September 22 2014 Latest news:
Beth Wyatt, Reporter
Friday, March 14, 2014
There may now be no living links to the war, but the memory of an ancestor can be enough to feel a connection to their suffering, as one 14-year-old from Gidea Park has found.
Sian Moynihan saw her last name on the Thiepval Memorial, France, by chance and has since discovered that a relative is commemorated there.
She said: “I was a little bit shocked. As far as we [the family] knew, we didn’t have anybody in the war.
“But it was nice to find out that we did in that sense.”
Sian, who was visiting the battlefields last month with her school Drapers’ Academy, made the startling discovery after looking through the memorial’s books, where you search for a relative and then find out where their name is placed.
Alexander Moynihan was a private from Ireland, who was killed in action on October 17, 1917, at the age of just 25.
It is not known how he is related to Sian, but he originates from her father’s Irish side of the family.
Sian said: “I think he was sent over the frontline and then shot. That’s all we know at the moment.
“But my mum’s trying to find out a little bit more and I would like to know more about what he did and which battalion he was in.”
Sian embarked on the three-day visit to France and Belgium with 27 of her fellow Year Nine students and two teachers.
Their first stop was to the trenches in Sanctuary Wood, Flanders, which were made to feel even more real by the relentless rain and mud.
Pupil Haroon Butt said: “I found the trenches fascinating, with their dark, small tunnels. It made me feel like I was a soldier.”
The group, who watched the Last Post Ceremony at the Menin Gate, Ypres, on their first evening, spent their weekend visiting the Thiepval and Tyne Cot memorials.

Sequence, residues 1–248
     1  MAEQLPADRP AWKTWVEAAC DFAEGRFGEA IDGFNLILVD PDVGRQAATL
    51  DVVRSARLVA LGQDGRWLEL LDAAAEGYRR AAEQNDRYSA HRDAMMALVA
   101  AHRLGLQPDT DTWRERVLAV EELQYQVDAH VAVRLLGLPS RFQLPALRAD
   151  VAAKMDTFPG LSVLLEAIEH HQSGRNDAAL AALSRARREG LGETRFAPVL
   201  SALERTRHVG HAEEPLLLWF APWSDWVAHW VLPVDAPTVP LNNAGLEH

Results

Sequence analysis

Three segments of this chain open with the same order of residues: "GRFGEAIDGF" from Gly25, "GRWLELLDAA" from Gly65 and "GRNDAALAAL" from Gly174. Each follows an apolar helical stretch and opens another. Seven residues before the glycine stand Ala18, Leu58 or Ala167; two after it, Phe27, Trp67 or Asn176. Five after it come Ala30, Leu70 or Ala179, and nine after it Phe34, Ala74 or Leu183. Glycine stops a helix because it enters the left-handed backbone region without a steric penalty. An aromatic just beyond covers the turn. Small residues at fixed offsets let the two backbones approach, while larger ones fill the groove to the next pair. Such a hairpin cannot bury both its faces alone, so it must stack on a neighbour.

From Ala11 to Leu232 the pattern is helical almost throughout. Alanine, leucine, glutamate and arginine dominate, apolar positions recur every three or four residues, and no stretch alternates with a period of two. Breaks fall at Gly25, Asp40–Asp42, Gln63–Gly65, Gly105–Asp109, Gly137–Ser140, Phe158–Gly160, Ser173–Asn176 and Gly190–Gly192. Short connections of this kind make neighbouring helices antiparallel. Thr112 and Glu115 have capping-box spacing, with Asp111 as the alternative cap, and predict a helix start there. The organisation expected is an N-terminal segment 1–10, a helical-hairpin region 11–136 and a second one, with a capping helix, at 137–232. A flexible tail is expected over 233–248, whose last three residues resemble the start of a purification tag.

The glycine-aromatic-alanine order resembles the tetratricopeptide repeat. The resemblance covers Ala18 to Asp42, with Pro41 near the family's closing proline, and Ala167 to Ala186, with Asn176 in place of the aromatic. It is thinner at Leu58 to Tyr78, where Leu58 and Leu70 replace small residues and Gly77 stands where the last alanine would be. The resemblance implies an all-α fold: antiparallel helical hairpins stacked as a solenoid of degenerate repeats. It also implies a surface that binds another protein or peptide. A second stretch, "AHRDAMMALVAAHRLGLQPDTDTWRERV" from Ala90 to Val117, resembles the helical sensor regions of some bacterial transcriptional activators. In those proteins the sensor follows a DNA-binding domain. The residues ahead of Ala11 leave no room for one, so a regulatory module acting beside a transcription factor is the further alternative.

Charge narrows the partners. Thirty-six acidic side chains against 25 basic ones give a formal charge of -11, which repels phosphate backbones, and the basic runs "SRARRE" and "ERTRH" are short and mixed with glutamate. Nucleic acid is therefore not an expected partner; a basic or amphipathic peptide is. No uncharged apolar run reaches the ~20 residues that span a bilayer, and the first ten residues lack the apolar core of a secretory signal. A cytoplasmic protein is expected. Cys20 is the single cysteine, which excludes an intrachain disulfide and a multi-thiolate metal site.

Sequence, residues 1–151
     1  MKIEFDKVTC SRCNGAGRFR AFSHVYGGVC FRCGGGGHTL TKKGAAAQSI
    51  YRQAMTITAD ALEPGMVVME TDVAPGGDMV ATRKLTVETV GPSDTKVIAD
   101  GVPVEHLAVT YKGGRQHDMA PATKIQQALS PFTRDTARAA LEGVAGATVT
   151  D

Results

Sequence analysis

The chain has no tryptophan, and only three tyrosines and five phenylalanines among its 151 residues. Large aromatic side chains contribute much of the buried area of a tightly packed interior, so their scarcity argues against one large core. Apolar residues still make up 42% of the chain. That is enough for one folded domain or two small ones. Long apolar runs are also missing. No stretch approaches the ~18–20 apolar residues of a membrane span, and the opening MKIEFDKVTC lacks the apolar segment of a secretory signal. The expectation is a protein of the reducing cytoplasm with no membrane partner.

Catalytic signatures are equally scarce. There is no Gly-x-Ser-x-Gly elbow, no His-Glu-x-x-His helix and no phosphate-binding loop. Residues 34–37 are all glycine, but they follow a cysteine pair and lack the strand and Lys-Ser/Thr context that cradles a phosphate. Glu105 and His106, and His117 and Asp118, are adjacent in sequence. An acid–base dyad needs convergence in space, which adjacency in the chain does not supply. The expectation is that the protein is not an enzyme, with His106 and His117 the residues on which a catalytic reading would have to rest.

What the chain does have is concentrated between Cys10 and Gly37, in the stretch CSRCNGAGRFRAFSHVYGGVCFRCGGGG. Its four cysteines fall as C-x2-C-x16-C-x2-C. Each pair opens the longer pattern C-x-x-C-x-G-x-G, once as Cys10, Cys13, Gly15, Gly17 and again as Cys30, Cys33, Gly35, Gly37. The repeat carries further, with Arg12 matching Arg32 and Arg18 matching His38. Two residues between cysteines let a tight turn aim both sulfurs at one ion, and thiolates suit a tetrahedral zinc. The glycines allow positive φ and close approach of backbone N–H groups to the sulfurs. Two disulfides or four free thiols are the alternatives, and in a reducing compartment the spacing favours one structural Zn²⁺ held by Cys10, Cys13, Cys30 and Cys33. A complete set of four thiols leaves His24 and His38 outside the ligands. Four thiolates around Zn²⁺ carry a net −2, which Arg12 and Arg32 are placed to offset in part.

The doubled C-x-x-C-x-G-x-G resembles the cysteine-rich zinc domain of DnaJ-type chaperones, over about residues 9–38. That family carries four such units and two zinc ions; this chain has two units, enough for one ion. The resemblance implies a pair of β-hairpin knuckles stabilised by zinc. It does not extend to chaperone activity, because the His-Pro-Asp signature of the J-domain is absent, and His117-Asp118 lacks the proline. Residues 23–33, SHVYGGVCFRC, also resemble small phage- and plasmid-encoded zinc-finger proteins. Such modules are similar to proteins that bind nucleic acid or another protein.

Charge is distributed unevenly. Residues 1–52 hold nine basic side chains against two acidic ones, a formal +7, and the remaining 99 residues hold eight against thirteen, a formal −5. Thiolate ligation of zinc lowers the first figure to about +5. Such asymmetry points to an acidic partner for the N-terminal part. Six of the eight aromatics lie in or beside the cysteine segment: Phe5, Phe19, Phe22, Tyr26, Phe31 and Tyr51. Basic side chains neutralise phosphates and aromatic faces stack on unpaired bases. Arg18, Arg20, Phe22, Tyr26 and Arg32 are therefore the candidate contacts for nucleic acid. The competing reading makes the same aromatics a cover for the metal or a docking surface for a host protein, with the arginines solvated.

This was the third year in a row that the school had sent pupils to the battlefields.
Demi Killington said: “It was a very interesting trip, where we saw first hand the tragic loss of millions of people. I would say it is the most extraordinary place I have ever visited.”
Trip organiser Lisa Little, a history teacher at the school, added: “I was very keen to make sure the trip went ahead this year with it being the 100th anniversary.
“It is the largest number of pupils we have taken to the battlefields and they all came away with a memorable experience.
“This visit is important for the pupils in terms of their curriculum and learning the syllabus, but it is also important for them to learn the history of the conflict and have the opportunity to see first-hand the devastation of war.”
For Sian, the visit is one that she will never forget. “It was a fantastic experience; I learnt so much over the three days and loved every minute of it,” she said. “You don’t realise how bad the trenches were until you are actually there.
“It makes me feel really proud to have seen my relative’s name on the memorial.”